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Southeast Asia

These Days We Have to Be Poor People: Women’s Narratives of the Economic Aftermath of Forced Evictions in Phnom Penh, Cambodia


McGinn, Colleen. 2015. “These Days We Have to Be Poor People: Women’s Narratives of the Economic Aftermath of Forced Evictions in Phnom Penh, Cambodia.” Paper presented at Land Grabbing, Conflict and Agrarian-Environmental Transformations: Perspectives from East and South-East Asia Conference. Chiang Mai University, June. 

Author: Colleen McGinn


“This paper explores the economic aftermath of forced evictions for urban Cambodian women. It is based on an analysis of in-depth narratives of 22 women displaced from five locations in Phnom Penh, the capital city. Evictees’ overall post-eviction coping and adaptation proved to be grounded in their economic circumstances, which in turn framed other risk and resilience factors. The nature and degree of economic harm resulting from the evictions varied widely, and followed specific patterns consistent with pre-displacement socioeconomic status, livelihood source, and the degree to which social networks were embedded in their former neighborhoods. Those who worked in the informal sector experienced shocks to their livelihoods, especially those who landed in remote locations. Homeowners were more typically harmed in terms of assets: they might maintain relatively stable incomes, but lose enormous value of their properties. A third group experienced a catastrophic double blow affecting both livelihoods and assets; this group tended to include shopkeepers whose shelter and livelihoods were both tied to their property. There were also some women who reported that forced eviction had had a relatively benign impact on them. These narratives were idiosyncratic. However, several explanatory factors emerged, including these women had intact livelihoods, superficial ties to their former neighborhoods, and/or found new housing nearby. I conclude with recommendations, including compensation at full market value for seized properties, and broad urban planning measures to protect and encourage affordable rental housing within the city, proximate to diverse livelihood opportunities. A housing/shelter focus to advocacy, policy, and assistance strategies is too narrow, because it poorly addresses the livelihood crisis experienced by many of the displaced.” (Abstract from original source

Keywords: gender, land grab, eviction, Cambodia, Southeast Asia, state-gender relations

Topics: Gender, Gendered Power Relations, Gender Equity, Land grabbing, Rights, Land Rights, Property Rights Regions: Asia, Southeast Asia Countries: Cambodia

Year: 2017

Mortgaging Women's Lives: Feminist Critiques of Structural Adjustment


Sparr, Pamela. 1994. Mortgaging Women's Lives: Feminist Critiques of Structural Adjustment. London: Zed Books

Author: Pamela Sparr


This book explores the impact on Third World women of the stringent economic prescriptions of the World Bank and IMF. Introductory chapters explain in non-jargonistic terms exactly what structural adjustment is. These are followed by feminist critiques of its implications, and then a series of carefully chosen case studies examining the specific dimensions of structural adjustment in countries as diverse as Jamaica, Ghana, Nigeria, Egypt, Turkey, Sri Lanka and the Philippines (Summary from WorldCat).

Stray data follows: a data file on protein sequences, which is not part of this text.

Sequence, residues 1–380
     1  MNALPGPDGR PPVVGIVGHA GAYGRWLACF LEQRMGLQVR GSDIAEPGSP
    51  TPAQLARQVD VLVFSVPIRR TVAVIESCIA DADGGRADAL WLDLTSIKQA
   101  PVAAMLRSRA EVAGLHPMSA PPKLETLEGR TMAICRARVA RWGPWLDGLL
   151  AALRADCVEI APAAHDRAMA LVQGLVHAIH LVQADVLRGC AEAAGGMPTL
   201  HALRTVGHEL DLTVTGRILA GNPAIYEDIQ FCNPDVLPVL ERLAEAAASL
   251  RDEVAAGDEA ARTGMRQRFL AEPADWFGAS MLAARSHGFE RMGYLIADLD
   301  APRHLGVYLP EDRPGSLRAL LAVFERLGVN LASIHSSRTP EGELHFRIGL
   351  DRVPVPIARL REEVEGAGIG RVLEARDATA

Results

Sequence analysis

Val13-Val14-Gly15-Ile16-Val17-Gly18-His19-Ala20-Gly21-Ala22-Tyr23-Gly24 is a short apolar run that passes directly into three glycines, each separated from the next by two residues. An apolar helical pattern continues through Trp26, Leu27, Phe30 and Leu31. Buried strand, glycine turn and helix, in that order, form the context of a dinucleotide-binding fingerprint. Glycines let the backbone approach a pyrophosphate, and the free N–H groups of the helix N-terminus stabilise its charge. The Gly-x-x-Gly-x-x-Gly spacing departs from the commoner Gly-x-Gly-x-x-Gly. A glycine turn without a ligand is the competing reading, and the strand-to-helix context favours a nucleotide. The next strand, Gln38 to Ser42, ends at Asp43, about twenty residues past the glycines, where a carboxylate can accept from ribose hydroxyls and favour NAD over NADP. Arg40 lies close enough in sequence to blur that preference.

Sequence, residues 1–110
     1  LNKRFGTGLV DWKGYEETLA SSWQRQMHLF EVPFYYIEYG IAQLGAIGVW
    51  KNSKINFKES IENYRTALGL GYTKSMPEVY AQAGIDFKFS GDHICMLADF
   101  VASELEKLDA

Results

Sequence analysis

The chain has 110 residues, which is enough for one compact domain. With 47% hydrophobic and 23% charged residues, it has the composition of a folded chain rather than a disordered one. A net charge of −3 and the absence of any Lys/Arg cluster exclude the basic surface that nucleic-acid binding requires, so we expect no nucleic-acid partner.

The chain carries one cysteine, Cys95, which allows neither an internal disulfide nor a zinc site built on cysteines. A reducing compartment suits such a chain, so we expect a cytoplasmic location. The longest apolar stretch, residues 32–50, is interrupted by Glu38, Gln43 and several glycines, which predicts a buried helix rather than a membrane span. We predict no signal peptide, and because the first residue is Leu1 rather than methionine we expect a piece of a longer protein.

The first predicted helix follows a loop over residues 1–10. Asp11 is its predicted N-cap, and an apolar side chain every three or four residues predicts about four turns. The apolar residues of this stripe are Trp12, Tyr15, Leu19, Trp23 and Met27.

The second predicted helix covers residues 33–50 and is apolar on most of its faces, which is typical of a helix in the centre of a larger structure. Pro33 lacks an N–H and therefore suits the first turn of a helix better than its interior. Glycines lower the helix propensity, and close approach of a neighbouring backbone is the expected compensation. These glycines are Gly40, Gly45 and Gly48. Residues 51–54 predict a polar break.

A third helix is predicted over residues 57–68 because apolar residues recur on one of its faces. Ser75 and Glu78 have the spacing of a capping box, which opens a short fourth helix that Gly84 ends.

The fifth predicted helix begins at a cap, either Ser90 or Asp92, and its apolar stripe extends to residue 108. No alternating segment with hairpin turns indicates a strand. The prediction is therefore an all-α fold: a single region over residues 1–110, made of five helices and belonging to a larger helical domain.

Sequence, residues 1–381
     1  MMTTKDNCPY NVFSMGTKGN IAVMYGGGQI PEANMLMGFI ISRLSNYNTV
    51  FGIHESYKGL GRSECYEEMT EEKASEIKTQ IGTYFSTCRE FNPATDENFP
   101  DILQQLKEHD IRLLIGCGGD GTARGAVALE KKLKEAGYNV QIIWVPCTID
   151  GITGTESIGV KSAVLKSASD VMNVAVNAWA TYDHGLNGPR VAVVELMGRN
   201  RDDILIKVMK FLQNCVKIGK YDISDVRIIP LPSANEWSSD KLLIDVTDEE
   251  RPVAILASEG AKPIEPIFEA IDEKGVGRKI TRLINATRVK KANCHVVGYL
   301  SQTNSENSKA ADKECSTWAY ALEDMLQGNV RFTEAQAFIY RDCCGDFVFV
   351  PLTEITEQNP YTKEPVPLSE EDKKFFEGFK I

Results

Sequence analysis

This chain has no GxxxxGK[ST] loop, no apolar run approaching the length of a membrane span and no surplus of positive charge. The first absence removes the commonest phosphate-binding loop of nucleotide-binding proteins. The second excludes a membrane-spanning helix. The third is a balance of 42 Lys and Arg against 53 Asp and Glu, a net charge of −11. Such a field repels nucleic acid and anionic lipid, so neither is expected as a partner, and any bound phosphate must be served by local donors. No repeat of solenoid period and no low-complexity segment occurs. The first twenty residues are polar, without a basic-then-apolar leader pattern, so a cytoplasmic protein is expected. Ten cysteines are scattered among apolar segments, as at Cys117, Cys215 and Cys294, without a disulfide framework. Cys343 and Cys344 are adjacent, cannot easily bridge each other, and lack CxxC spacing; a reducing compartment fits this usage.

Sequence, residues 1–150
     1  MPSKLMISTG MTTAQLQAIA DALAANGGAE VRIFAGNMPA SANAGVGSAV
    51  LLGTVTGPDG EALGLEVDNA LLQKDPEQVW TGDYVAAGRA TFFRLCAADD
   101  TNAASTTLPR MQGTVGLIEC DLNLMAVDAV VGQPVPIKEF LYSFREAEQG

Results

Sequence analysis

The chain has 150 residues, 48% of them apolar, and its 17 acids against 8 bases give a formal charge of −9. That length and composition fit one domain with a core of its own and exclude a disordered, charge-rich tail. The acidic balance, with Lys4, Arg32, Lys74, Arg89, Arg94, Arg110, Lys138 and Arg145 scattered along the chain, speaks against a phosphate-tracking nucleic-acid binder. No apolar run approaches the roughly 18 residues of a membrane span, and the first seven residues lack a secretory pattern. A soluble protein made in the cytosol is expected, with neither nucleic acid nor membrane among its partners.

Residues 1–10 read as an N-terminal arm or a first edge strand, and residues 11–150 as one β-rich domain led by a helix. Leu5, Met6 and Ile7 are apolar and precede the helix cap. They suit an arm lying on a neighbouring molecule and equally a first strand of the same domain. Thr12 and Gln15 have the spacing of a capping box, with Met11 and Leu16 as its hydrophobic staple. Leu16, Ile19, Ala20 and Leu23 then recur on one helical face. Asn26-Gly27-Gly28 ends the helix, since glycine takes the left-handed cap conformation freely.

Table of Contents:
1. What is structural adjustment?
Pamela Sparr
2. Feminist critiques of structural adjustment
Pamela Sparr
3. Privatization and the demise of state feminism in Egypt
Mervat F. Hatem
4. Ghana: women in the public and informal sectors under the economic recovery programme
Takyiwaa Manuh
5. What has export-oriented manufacturing meant for Turkish women?
Nilüfer Çagatay, Günseli Berik
6. Structural adjustment policies, industrial development and women in Sri Lanka
Swarna Jayaweera
7. The dynamics of economic change and gender roles: export cropping in the Philippines
Maria Sagrario Floro
8. Nigeria: agricultural exports and compensatory schemes -- rural women's production resources and quality of life
Patience Elabor-Idemudia
9. Hitting where it hurts most: Jamaican women's livelihoods in crisis
Joan French
10. Banking on women: where do we go from here?
Pamela Sparr

Topics: Development, Globalization, Privatization Regions: Africa, MENA, West Africa, Americas, Caribbean countries, Asia, Central Asia, Southeast Asia Countries: Egypt, Jamaica, Nigeria, Philippines, Sri Lanka, Turkey

Year: 1994

Gender Justice, Development, and Rights


Molyneux, Maxine, and Shahra Razavi, eds. 2002. Gender Justice, Development, and Rights. New York: Oxford University Press. 

Authors: Maxine Molyneux, Shahra Razavi


Gender Justice, Development, and Rights reflects on the significance accorded in international development policy to rights and democracy in the post-Cold War era. Key items on the contemporary policy agenda - neo-liberal economic and social policies, democracy, and multi-culturalism - are addressed here by leading scholars and regional specialists through theoretical reflections and detailed case studies. Together they constitute a collection which casts contemporary liberalism in a distinctive light by applying a gender perspective to the analysis of political and policy processes. Case studies from Latin America, sub-Saharan Africa, the Middle East, East-Central Europe, South and South-East Asia contribute a cross-cultural dimension to the analysis of contemporary liberalism - the dominant value system in the modern world - by examining how it both exists in and is resisted in developing and post-transition societies. (Summary from WorldCat)
Table of Contents:
1. Introduction
Maxine Molyneux and Shahra Razavi
Part I: Re-Thinking Liberal Rights And Universalism 
2. Women's Capabilities And Social Justice
Martha Nussbaum
3. Gender Justice, Human Rights And Neo-Liberal Economic Policies
Diane Elson
4. Multiculturalism, Universalism And The Claims Of Democracy
Anne Phillips
Part II: Social Sector Restructuring And Social Rights 
5. Political And Social Citizenship: An Examination Of The Case Of Poland